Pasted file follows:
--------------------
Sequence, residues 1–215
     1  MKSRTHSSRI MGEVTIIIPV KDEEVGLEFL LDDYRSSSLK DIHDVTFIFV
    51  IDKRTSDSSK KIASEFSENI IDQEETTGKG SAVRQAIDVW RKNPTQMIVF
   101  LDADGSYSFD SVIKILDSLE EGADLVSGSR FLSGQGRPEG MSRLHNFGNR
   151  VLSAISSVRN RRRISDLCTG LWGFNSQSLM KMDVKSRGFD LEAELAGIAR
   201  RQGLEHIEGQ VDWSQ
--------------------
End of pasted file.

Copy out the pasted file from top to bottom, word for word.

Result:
Sequence, residues 1–215
     1  MKSRTHSSRI MGEVTIIIPV KDEEVGLEFL LDDYRSSSLK DIHDVTFIFV
    51  IDKRTSDSSK KIASEFSENI IDQEETTGKG SAVRQAIDVW RKNPTQMIVF
   101  LDADGSYSFD SVIKILDSLE EGADLVSGSR FLSGQGRPEG MSRLHNFGNR
   151  VLSAISSVRN RRRISDLCTG LWGFNSQSLM KMDVKSRGFD LEAELAGIAR
   201  RQGLEHIEGQ VDWSQ